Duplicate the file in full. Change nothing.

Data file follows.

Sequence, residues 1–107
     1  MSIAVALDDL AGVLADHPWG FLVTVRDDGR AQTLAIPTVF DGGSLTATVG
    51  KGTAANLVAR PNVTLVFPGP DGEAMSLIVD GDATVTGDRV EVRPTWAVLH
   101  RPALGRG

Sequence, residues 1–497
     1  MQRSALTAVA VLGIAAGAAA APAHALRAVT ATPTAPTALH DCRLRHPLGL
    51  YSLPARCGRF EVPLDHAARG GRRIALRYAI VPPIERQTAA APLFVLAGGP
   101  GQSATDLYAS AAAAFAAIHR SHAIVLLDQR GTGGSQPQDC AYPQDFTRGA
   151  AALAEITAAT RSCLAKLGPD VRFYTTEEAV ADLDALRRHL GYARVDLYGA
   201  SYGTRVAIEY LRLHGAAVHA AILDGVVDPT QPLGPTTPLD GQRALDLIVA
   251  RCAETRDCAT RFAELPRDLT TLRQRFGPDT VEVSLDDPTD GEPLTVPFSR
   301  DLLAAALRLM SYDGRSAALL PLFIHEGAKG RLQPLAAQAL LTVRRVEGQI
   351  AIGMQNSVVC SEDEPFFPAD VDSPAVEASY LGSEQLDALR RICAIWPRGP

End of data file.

Sequence, residues 1–107
     1  MSIAVALDDL AGVLADHPWG FLVTVRDDGR AQTLAIPTVF DGGSLTATVG
    51  KGTAANLVAR PNVTLVFPGP DGEAMSLIVD GDATVTGDRV EVRPTWAVLH
   101  RPALGRG

Sequence, residues 1–497
     1  MQRSALTAVA VLGIAAGAAA APAHALRAVT ATPTAPTALH DCRLRHPLGL
    51  YSLPARCGRF EVPLDHAARG GRRIALRYAI VPPIERQTAA APLFVLAGGP
   101  GQSATDLYAS AAAAFAAIHR SHAIVLLDQR GTGGSQPQDC AYPQDFTRGA
   151  AALAEITAAT RSCLAKLGPD VRFYTTEEAV ADLDALRRHL GYARVDLYGA
   201  SYGTRVAIEY LRLHGAAVHA AILDGVVDPT QPLGPTTPLD GQRALDLIVA
   251  RCAETRDCAT RFAELPRDLT TLRQRFGPDT VEVSLDDPTD GEPLTVPFSR
   301  DLLAAALRLM SYDGRSAALL PLFIHEGAKG RLQPLAAQAL LTVRRVEGQI
   351  AIGMQNSVVC SEDEPFFPAD VDSPAVEASY LGSEQLDALR RICAIWPRGP